It’s a sunny Saturday morning here in Cleveland Ohio USA and I’m sitting here at the Academy of Irish Dance. It’s not a fancy place. Just a small waiting room, and a dance floor.
But that doesn’t matter because I’m listening to the joyful sound of the accordion playing the St. Patrick’s Day Reel as my lovely eleven-year-old granddaughter Kaylie practices for her upcoming Feis.
Pronounced ‘fesh’ the Feis is where Irish dancers go to show their skill, compete, and advance in the world of Irish dancing.
There is absolutely no place I would rather be. Nothing matters to me more than to see my granddaughter shine. She is the absolute apple of my eye.
Watching her work hard, sweat, and try makes me proud. She loves the dance and I love her.
I know exactly what this is doing for her. She is learning patience, persistence, and tenacity. She is learning to face her fear and dance anyway. She is learning how to win humbly and lose gracefully because you don’t always come home with a medal.
When I see her get up and dance it literally thrills my soul. Whether she wins or loses at a Feis or has a perfect performance doesn’t matter. She is having fun and this experience is shaping her life in countless positive ways.
Why am I telling you this? Because you are doing the same thing for your students…or you should be.
So many of us worry about raising rates, retaining students, or having the perfect studio space. There is so much anxiety over studio policies, drop-off, and pick-up routines, and whether to allow parents into the studio.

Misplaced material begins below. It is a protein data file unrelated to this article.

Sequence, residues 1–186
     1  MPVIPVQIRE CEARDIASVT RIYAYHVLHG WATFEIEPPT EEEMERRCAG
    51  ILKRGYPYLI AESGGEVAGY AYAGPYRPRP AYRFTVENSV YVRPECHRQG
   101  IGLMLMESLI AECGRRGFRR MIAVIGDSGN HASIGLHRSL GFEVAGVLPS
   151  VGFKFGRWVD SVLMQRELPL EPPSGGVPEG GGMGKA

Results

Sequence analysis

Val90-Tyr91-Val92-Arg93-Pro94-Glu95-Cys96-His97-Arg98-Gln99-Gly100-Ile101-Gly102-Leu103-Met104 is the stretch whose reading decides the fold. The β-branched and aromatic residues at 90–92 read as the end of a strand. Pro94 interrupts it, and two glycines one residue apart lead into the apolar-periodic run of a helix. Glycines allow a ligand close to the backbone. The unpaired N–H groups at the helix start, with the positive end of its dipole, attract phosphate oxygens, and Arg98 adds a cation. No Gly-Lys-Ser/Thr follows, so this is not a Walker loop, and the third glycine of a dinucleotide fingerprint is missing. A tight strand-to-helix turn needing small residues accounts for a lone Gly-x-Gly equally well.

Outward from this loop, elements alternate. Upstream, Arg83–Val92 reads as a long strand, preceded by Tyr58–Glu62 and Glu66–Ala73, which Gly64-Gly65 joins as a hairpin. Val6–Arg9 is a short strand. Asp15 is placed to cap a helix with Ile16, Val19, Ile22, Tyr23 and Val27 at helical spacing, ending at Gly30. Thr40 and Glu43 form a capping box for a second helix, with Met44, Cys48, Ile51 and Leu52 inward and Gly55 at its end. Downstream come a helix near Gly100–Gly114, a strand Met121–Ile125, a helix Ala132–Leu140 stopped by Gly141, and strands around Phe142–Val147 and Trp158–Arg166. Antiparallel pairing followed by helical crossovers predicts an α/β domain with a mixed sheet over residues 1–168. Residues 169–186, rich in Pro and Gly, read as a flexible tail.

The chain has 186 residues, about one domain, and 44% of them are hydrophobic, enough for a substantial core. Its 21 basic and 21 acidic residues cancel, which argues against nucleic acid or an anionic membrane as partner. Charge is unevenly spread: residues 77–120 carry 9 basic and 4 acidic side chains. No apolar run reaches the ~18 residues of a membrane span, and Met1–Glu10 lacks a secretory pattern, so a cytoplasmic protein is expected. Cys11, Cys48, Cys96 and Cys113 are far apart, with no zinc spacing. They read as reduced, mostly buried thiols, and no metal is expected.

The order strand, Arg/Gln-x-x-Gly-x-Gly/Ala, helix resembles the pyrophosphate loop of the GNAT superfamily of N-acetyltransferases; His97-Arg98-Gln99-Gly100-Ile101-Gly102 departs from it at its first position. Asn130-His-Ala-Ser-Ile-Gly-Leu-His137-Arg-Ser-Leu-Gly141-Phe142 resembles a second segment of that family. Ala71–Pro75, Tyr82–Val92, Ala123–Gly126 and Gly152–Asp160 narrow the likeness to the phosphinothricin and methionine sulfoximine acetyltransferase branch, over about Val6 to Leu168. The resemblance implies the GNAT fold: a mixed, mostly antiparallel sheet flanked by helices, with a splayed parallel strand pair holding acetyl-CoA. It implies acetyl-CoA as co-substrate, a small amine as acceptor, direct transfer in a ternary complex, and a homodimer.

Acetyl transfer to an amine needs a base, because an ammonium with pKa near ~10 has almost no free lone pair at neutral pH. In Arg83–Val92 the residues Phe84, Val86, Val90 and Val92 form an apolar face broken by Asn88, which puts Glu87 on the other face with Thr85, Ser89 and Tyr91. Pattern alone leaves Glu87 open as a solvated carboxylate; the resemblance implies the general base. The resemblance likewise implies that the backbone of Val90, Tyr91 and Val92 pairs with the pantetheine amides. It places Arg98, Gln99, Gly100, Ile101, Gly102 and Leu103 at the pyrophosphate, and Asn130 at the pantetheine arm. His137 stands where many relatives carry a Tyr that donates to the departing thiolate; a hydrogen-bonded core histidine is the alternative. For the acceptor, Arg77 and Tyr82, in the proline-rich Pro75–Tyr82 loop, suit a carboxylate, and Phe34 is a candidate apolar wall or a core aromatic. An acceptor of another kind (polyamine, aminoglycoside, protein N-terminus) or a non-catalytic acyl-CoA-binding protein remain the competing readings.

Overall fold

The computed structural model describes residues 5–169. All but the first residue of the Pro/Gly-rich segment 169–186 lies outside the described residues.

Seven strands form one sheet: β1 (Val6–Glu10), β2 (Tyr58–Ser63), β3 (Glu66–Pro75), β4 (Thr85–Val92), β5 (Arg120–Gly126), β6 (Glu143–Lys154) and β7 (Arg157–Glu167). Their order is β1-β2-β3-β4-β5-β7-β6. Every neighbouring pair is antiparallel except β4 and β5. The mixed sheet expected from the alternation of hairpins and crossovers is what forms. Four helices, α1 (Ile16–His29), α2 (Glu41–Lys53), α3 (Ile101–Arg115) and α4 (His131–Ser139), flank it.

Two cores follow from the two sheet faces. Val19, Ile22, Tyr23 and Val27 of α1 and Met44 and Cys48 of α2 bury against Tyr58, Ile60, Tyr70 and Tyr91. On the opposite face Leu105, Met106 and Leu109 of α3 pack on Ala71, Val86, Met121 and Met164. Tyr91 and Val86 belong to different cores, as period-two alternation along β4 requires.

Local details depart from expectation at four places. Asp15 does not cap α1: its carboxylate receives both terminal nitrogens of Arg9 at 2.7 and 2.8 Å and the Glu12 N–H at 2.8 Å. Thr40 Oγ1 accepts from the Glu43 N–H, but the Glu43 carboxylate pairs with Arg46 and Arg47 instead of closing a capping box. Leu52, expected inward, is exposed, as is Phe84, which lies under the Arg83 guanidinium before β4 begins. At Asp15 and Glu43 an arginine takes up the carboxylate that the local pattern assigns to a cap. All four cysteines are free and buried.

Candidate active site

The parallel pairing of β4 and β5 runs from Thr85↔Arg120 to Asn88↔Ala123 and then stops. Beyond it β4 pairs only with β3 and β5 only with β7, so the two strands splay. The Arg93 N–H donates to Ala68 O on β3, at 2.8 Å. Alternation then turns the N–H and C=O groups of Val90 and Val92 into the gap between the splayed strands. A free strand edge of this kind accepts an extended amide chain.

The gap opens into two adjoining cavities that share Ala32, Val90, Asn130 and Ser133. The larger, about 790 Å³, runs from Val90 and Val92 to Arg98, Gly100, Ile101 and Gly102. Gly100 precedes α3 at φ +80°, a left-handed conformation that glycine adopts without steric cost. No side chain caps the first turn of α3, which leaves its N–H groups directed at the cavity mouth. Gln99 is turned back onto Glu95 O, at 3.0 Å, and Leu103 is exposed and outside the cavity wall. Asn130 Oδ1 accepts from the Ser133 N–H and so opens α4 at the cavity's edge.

Are you trying to walk that line?
Keep everyone happy so they won’t quit?
So you can make enough money to pay your bills and keep your studio open?
You don’t have to. There is another way.
Dr. Suzuki nailed it when he said, “Where love is deep much can be accomplished.”
For me, there is no line to walk.
I am all in.
I will do everything I can to help every one of my students achieve success.
It all starts with me.
ME helping MY students sparkle and shine.
When parents see their children loving music, practicing, and looking forward to their lessons, their souls are thrilled.
Parents know that their child is learning patience, persistence, and tenacity. They understand she is learning to face her fear and play anyway. She is learning how to accept applause humbly and bounce back when things don’t go so well because you can’t always be perfect.
When parents come to recitals and performances and see the progress of their child, and all the other children they are not going anywhere.
When families know that you really care about them and their children, they will stick with you.
Just like I will do anything and everything to keep Kaylie dancing for as long as she wants to. And when she doesn’t (which will inevitably happen because nothing is ever a straight shot.) I will encourage her to keep going.
The way I see it there are three key people that make this a success. Kaylie’s family (especially her mother Danielle who takes her to most of her lessons.) Kaylie herself (because she has to do the work) and her teacher Catherine is the only one in the group who actually knows how to teach Irish dance. Without her, there would be nothing to talk about.
We are the ones who know how to teach people how to play the piano. Without us, there would be no more piano players.
And playing the piano is awesome!
So for myself, I have found that keeping positive and being all in with my students and their families has really paid off. I believe it will for all of us.
In my next post, I will share exactly how I handle going ‘all in’.
I would love to hear all of your ideas in the comments.
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